Presented by Kenneth Clark, Civilisation was the first ‘blockbuster’ pundit arts programme on British television. The broadcast of the series in 1969 aimed to show off BBC 2’s full-colour service, which had been put into effect two years prior. Although it should be noted that the majority of people in the UK did not have access to a colour television at this time, this technological advancement provided a means of transmitting images that represented art more accurately than black and white television services.
Clark uses art as a guide for exploring European culture from the fall of the Roman Empire to the age of industry. The art featured within the programme is interpreted in a way that does little to understand the social context and conditions in which it was produced. Rather, Clark favours glorifying exceptional individuals, and institutions such as the Church. Clark also fails to criticise the oppression that has paved the way for modern civilisation, favouring a positive interpretation of history that measures the morality of a civilisation by its willingness to transcend such barbarity.
Clark’s mode of address throughout the series is one that demands attention. His pieces to camera are often not heavily edited, leaving long periods of him addressing the audience directly. This sense of an immediate, intimate encounter with the presenter is also furthered by the lack of non-diegetic sound during these pieces. The viewer is given the impression of being spoken to on a one-to-one basis, although they are obviously unable to reply. This, along with his general demeanour, presents Clark as a voice of authority. Although the opening titles to the series state that the programme contains Clark’s personal views, there is still a sense that his viewpoint is grounded in fact.
Throughout the series there is a strong focus on religious, particularly Christian, imagery. The religious art shown on screen is often accompanied with obtrusive music reminiscent of that often heard within churches. This combination demonstrates how the audio-visual medium of television can be used to try and create a sense of seeing and experiencing art within its original context. As the entirety of the series was shot on location, Civilisation also provided viewers with a means of accessing art that may not have ordinarily been available to them. If the viewer were to see the artwork within its original context, they would experience it as something that is still and silent. However, this fundamental characteristic is altered by the medium of television itself. When presenting art on the television, the camera pans across the artwork, zooming in on certain details, making the viewer focus on certain aspects of the image. The soundtrack/narration accompanying the images also prompts the viewer to interpret the art in a certain way. Television as a medium is not just a way of allowing the viewer to access art; it also inherently changes the way art is experienced.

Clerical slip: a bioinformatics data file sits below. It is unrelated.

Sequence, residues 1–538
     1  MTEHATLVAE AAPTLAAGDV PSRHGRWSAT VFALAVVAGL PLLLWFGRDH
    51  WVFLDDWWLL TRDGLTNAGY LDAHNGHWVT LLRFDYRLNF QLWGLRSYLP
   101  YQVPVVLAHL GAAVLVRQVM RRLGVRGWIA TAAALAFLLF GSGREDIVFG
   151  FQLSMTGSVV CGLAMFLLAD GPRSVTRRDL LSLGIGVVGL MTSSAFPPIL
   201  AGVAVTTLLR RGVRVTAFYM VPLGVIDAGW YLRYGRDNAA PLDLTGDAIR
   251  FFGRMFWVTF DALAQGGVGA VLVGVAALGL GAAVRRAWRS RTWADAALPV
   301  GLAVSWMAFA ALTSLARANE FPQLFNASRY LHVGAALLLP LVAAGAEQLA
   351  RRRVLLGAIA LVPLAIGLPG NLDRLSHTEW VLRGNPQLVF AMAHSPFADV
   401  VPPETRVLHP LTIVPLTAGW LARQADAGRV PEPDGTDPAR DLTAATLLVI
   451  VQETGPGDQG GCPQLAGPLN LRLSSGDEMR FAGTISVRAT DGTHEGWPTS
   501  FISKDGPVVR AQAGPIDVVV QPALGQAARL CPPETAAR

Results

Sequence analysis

Civilisation’s mainstream success demonstrates how television as a means of communicating and sharing culture can popularise art. The influence of this landmark series can still be seen today in many modern day factual television series with the popularity of this pundit style mode of presenting information and on location filming.